Gig economy is booming, so HR must adapt to it
MANY of us have heard about the relatively new phenomenon called the gig economy.
The concept is popping up in newspapers, on TV and, in one way or another, most of us are also participating towards its expansion.
While there are different understandings as to what the gig economy is, the term is predominantly associated with the popular freelancing and contracting jobs that are available via Uber or Airtasker.
Others consider it an online service platform where people can purchase and sell their services (Airbnb).
Overall, we can say that the gig economy provides everyone an opportunity to be employed under their own terms and conditions.
The US Bureau of Labor Statistics (BLS) has reported there are 10 million Americans who work as freelancers and/ or contractors.
The biggest surprise from this research was that this was their primary job which brings up the question of how many more freelancers are using gig economy as a supplementary income resource.
It has been forecast that by 2020, the gig economy will expand by 40 per cent.
The increase is mainly driven by two trends: rapid technological advancements and growing numbers of millennial workers, also known as Gen Y.
With this in mind, HR and Talent Acquisitions (TA) specialists are being urged to change the way they recruit and attract potential employees. There are several propositions on how to use HR functions and tools in order to strategically hire freelancers, contractors and new millennial workers.
Firstly, HR specialists must open up doors that previously might have been closed for these type of workers due to a perception that freelancers may not be as reliable or effective as other full-time workers.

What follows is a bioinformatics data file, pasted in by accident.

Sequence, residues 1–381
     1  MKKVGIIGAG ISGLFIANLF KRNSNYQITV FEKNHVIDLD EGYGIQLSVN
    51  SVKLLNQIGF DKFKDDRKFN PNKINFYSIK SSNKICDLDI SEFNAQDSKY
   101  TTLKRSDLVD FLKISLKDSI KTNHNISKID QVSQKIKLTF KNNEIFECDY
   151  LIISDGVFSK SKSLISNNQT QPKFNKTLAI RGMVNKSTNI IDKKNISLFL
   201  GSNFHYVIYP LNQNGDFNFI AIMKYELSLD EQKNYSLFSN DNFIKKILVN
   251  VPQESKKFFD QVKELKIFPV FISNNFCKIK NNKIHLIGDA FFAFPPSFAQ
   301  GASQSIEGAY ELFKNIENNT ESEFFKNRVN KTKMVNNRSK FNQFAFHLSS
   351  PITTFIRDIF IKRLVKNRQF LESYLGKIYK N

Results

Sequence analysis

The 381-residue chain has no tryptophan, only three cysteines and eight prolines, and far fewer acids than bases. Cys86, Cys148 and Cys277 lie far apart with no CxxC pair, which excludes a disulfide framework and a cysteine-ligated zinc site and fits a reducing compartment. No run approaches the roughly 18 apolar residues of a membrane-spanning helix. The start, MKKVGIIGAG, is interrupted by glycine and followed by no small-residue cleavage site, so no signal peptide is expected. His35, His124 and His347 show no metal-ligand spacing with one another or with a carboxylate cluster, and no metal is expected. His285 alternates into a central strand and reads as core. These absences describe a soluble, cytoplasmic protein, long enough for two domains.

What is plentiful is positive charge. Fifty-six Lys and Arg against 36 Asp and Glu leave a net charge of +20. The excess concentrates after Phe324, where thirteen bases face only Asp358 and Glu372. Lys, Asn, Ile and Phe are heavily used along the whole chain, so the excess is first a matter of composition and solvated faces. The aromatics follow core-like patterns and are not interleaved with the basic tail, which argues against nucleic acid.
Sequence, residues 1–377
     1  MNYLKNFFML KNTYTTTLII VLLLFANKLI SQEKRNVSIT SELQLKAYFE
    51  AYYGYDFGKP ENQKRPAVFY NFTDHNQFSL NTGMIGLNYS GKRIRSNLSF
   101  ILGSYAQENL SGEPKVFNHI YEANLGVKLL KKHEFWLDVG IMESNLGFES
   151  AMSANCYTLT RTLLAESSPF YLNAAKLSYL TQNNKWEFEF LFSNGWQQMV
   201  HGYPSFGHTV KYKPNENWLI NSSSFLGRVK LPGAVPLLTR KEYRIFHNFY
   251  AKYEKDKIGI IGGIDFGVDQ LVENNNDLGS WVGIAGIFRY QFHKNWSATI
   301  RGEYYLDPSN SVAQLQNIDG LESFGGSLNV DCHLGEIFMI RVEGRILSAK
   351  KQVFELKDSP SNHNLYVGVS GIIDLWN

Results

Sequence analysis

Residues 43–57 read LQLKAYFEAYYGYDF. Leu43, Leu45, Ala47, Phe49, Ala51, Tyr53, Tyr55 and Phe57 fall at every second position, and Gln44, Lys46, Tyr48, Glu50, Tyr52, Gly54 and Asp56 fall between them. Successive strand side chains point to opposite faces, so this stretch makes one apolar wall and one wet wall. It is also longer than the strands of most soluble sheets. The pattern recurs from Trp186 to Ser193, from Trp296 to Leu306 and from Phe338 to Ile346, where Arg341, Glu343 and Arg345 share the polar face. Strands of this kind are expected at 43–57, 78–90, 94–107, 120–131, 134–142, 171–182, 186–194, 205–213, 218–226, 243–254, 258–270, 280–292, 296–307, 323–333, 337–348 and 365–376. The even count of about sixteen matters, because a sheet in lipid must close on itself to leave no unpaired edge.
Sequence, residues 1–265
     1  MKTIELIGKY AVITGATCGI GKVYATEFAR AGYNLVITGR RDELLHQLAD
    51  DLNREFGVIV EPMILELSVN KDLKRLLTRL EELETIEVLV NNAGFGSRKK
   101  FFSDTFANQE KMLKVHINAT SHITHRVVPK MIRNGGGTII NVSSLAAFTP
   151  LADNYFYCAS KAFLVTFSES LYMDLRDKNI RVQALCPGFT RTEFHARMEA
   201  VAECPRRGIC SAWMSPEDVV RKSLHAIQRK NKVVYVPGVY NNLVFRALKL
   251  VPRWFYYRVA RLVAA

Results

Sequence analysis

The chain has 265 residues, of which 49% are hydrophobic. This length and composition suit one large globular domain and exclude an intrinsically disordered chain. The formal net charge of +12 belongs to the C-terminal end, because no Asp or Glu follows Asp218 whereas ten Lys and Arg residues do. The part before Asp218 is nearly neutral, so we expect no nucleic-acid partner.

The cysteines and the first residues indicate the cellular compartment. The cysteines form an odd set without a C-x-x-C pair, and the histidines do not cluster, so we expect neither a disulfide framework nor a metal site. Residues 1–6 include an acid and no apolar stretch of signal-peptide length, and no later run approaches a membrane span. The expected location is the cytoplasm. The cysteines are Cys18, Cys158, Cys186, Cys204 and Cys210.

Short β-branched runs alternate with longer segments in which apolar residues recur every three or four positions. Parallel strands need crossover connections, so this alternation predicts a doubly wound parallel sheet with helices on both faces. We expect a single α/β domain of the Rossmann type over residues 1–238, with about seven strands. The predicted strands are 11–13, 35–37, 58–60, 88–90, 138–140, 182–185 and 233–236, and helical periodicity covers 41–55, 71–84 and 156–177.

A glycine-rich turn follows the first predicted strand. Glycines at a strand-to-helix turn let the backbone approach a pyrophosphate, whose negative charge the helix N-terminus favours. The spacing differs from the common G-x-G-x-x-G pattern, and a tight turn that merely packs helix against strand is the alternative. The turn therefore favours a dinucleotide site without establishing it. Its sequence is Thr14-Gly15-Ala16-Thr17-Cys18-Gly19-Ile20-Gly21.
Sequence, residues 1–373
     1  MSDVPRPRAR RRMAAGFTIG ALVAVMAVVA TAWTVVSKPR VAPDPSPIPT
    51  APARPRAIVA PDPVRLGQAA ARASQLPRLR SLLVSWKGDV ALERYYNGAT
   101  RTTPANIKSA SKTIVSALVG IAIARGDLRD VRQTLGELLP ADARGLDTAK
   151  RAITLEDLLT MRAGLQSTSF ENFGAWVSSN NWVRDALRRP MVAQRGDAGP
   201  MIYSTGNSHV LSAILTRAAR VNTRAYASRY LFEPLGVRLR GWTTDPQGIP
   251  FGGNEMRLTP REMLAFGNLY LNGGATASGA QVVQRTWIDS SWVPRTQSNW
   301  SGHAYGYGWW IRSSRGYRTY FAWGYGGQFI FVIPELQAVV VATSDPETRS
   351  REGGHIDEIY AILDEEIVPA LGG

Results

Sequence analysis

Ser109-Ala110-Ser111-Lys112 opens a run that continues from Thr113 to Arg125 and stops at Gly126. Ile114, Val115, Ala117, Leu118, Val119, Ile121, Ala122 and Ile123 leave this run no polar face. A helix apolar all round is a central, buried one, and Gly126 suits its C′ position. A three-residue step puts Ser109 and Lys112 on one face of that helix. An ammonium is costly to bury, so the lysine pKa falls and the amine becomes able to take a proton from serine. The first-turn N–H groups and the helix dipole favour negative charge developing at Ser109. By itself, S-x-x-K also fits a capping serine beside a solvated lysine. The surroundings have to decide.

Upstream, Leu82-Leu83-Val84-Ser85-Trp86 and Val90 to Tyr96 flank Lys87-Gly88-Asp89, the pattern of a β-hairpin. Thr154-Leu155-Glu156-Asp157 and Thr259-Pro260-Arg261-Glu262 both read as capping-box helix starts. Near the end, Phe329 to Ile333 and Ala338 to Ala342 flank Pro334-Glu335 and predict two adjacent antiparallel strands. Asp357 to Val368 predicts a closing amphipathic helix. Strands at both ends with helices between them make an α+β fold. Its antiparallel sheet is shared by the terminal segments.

Experience has shown that these workers are usually not offered training nor is their performance managed and there was often little investment from the companies.
Further, HR needs to get innovative with the recruitment process, using HR technology
IT HAS BEEN FORECAST THAT BY 2020, THE GIG ECONOMY WILL EXPAND BY 40 PER CENT
Another concern for HR managers from the growth of the gig economy is that employees will not enjoy the benefits (such as superannuation) or traditional protections that permanent employment would offer in a conventional working environment.
This brings up a further question: will the demand for HR specialists decrease with the expansion of the gig economy? While this has yet to be discovered, one thing is for sure, the gig economy is changing the way people work and inevitably it is changing the way people are hired.
JELENA DRLJIC IS A SOUTHERN CROSS UNIVERSITY POSTGRADUATE STUDENT